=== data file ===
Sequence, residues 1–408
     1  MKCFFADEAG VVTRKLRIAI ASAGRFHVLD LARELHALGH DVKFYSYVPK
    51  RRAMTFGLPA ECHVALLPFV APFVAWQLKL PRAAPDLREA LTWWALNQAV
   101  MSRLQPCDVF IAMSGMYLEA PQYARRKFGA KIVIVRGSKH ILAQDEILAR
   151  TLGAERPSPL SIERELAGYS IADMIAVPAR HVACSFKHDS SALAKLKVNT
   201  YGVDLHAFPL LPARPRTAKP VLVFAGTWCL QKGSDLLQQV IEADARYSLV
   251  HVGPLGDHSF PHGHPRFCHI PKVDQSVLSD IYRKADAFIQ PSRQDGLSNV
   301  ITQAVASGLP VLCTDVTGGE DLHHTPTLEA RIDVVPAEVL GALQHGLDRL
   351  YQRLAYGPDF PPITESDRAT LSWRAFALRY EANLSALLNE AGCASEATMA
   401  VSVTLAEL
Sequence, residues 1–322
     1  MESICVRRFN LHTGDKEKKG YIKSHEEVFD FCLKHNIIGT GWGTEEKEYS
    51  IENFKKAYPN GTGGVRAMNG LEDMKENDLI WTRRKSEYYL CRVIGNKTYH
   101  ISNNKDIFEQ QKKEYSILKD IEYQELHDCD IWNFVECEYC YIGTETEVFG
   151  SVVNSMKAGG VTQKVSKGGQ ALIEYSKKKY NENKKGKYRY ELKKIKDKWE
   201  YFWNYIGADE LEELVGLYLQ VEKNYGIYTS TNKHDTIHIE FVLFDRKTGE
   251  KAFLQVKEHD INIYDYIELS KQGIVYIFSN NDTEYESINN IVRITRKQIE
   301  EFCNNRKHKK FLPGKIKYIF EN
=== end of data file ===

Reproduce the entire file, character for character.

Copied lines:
Sequence, residues 1–408
     1  MKCFFADEAG VVTRKLRIAI ASAGRFHVLD LARELHALGH DVKFYSYVPK
    51  RRAMTFGLPA ECHVALLPFV APFVAWQLKL PRAAPDLREA LTWWALNQAV
   101  MSRLQPCDVF IAMSGMYLEA PQYARRKFGA KIVIVRGSKH ILAQDEILAR
   151  TLGAERPSPL SIERELAGYS IADMIAVPAR HVACSFKHDS SALAKLKVNT
   201  YGVDLHAFPL LPARPRTAKP VLVFAGTWCL QKGSDLLQQV IEADARYSLV
   251  HVGPLGDHSF PHGHPRFCHI PKVDQSVLSD IYRKADAFIQ PSRQDGLSNV
   301  ITQAVASGLP VLCTDVTGGE DLHHTPTLEA RIDVVPAEVL GALQHGLDRL
   351  YQRLAYGPDF PPITESDRAT LSWRAFALRY EANLSALLNE AGCASEATMA
   401  VSVTLAEL
Sequence, residues 1–322
     1  MESICVRRFN LHTGDKEKKG YIKSHEEVFD FCLKHNIIGT GWGTEEKEYS
    51  IENFKKAYPN GTGGVRAMNG LEDMKENDLI WTRRKSEYYL CRVIGNKTYH
   101  ISNNKDIFEQ QKKEYSILKD IEYQELHDCD IWNFVECEYC YIGTETEVFG
   151  SVVNSMKAGG VTQKVSKGGQ ALIEYSKKKY NENKKGKYRY ELKKIKDKWE
   201  YFWNYIGADE LEELVGLYLQ VEKNYGIYTS TNKHDTIHIE FVLFDRKTGE
   251  KAFLQVKEHD INIYDYIELS KQGIVYIFSN NDTEYESINN IVRITRKQIE
   301  EFCNNRKHKK FLPGKIKYIF EN